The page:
FIGS. 13A, 13B and 13C show still another embodiment of the present invention according to which paired auxiliary wefts 2' and 3', a single auxiliary weft 5', paired auxiliary wefts 7' and 8' and a single auxiliary weft 10' are disposed, respectively, between the adjacent wefts 1, 2, 3 and 4, respectively, in the woven fabric shown in FIG. 10. FIG. 13B shows a plan view of the woven fabric shown in FIG. 13A, and FIG. 13C shows a cross-sectional view of the fabric shown in FIG. 13B taken along the line XIII--XIII'. In other words single auxiliary weft and paired auxiliary wefts are alternately disposed. Paying attention to the auxiliary weft 2', for example, this auxiliary weft 2' is woven three times into the texture by the warps 2, 3 and 4 and fills the concave or recess formed above the top side of the warp 1 at the position where the warp 1 extends from the bottom side of the weft 1 to the top side of the weft 4, i.e. the recess formed in the papermaking surface at the position corresponding to the transition of the warp 1 from the running surface to the papermaking surface of the woven fabric and indicated by the rectangular blank area not marked by "X" of the auxiliary weft 2' in FIG. 13A. Similarly, the auxiliary weft 3' is woven three times into the texture by the warps 1, 3 and 4 and fills the recess overlying the warp 2 at the location where the warp 2 extends form the top side of the weft 1 to the bottom side of the weft 4, i.e. the recess formed in the papermaking surface at the Position corresponding to the transition of the warp 2 from the papermaking surface of the fabric toward the running surface thereof. The concave or recess is also indicated by the rectangular blank area without the mark "X on the auxiliary weft 3'. The papermaking surface of the woven fabric is thus made flat by the auxiliary wefts filling the concaves or recesses which would otherwise be formed, whereby formation of the wire marks is suppressed.

FIG. 14 shows in a unity textile design chart a unity texture of four-shaft 2/2 twill woven fabric as prior art.

FIG. 15 shows a further embodiment of the present invention according to which the auxiliary weft is disposed one by one between the adjacent weft, respectively, in the woven fabric shown in FIG. 14. Considering the auxiliary weft 2', this auxiliary weft 2' is woven once into the texture by the warp 3 and fills the recess overlying the portion of the warp 1 extending from the bottom sides of the wefts 1 and 3 to the top side of the weft 5, the recess overlying the portion of warp 2 extending from the top side of the weft 1 toward the bottom side of the weft 3 and the recess overlying the portion of the warp 4 extending from the bottom side of the weft 1 to the top side of the weft 3, i.e. the recesses formed in the papermaking surface of the woven fabric at locations corresponding to transitions of the warps 1 and 4 in the direction from the running surface toward the papermaking surface and the transition of the warp 2 from the papermaking surface to the running surface and indicated by blank areas without the mark "X" of the auxiliary weft 2' in FIG. 15. On the other hand, the auxiliary weft 4' is woven once by the warp 4 and fills the concave or recess otherwise formed above the warp 1 at the location where it extends from the bottom sides of the wefts 1 and 3 to the top side of the weft 5, the recess otherwise formed above the warp 2 at the location where the warp 2 extends from the bottom sides of the wefts 1, 3 and 5 to the top side of the weft 7 and the recess otherwise formed above the warp 3 at the portion extending from the top side of the weft 3 to the bottom side of the weft 5, i.e. the recesses otherwise formed in the papermaking surface by the warps 1 and 3 sandwiching therebetween the warp 2 disposed on the running surface upon their transitions from one of the running surface to the papermaking surface incorporating the warp 2 disposed on the running surface, wherein the recesses are indicated by three blank areas without the mark "X" on the auxiliary weft 4' in FIG. 15. In this way, the papermaking surface of the woven fabric can be finished flat.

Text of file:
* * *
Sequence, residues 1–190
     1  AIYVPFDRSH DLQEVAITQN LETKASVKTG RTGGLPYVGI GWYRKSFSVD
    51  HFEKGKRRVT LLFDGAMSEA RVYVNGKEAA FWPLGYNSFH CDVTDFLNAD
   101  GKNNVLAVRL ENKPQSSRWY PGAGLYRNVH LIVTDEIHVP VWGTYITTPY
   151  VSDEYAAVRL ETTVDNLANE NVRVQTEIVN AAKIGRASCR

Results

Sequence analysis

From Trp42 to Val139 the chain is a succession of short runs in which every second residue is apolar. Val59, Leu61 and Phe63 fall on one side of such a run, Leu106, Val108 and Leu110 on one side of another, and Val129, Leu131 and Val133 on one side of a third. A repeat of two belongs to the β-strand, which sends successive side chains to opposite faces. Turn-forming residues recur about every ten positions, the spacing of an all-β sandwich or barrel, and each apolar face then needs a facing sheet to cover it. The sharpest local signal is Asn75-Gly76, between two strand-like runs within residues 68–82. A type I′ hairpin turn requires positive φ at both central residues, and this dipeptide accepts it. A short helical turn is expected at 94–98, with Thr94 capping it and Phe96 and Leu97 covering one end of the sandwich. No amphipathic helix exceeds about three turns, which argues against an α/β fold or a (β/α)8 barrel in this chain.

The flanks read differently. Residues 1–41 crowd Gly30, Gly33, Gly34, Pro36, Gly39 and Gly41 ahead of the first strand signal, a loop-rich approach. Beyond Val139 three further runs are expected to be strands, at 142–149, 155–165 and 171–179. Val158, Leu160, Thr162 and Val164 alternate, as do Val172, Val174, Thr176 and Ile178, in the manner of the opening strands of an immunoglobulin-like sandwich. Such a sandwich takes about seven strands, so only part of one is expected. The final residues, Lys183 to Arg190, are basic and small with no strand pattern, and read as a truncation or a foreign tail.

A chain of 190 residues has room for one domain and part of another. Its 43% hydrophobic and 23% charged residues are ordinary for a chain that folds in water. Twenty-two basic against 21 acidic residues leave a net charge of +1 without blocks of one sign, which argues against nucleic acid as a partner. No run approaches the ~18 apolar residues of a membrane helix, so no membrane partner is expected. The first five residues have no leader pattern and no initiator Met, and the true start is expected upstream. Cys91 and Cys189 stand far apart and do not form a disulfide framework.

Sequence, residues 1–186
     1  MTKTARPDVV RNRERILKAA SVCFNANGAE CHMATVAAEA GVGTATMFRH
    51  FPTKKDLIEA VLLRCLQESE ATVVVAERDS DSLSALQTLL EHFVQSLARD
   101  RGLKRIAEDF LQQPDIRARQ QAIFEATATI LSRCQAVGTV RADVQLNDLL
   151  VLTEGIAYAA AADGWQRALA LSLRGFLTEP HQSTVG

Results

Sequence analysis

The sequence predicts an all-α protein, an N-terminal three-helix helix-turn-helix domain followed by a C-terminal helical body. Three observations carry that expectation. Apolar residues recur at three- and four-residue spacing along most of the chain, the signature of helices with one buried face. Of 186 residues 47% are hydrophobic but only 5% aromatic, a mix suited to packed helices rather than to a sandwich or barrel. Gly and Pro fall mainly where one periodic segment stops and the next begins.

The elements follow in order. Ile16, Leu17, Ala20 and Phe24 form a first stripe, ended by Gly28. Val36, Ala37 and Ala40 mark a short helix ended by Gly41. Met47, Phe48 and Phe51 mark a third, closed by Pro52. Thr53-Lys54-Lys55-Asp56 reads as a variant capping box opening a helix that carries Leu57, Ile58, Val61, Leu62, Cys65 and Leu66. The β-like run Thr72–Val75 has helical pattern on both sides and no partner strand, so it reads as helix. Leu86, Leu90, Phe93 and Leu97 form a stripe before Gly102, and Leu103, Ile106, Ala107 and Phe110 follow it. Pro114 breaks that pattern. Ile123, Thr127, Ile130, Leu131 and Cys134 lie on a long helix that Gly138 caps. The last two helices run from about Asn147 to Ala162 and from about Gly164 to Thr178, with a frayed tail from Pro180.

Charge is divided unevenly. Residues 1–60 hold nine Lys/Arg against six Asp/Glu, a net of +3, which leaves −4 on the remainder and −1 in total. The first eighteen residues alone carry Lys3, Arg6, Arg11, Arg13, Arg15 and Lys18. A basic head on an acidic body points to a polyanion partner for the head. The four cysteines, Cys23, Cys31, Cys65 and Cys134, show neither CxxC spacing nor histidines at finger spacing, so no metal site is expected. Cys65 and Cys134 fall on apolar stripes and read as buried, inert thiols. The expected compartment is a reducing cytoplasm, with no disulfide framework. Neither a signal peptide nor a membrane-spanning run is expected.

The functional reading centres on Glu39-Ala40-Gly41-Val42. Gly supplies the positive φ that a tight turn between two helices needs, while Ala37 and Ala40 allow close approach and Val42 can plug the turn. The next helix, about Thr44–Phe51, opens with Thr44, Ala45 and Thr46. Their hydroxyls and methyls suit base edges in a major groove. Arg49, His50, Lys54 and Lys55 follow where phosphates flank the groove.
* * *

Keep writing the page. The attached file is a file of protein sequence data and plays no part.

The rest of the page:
FIG. 16 shows yet another embodiment of the present invention according to which the auxiliary weft is disposed one by one between the adjacent weft, respectively, in the woven fabric shown in FIG. 14 and differs from the embodiment shown in FIG. 15 in that the auxiliary weft is woven into the texture twice rather than once. Considering this embodiment shown in FIG. 16 by paying attention to the auxiliary weft 2', it will be seen that the auxiliary weft 2' is woven twice by the warps 2 and 3 and fills the recess overlying the portion of the warp 1 extending from the bottom sides of the wefts 1 and 3 to the top side of the weft 5 and the recess overlying the portion of the warp 4 extending from the bottom side of the weft 1 toward the top side of weft 3, i.e. the two recesses otherwise formed in the papermaking surface of the woven fabric upon transitions of the warps 2 and 3 from one of the running surface and the papermaking surface of the fabric to the other and indicated by the blank areas without the mark "X" of the auxiliary weft 2' in FIG. 16. According to this embodiment, the papermaking surface of the woven fabric is finished flat by virtue of the presence of the auxiliary wefts.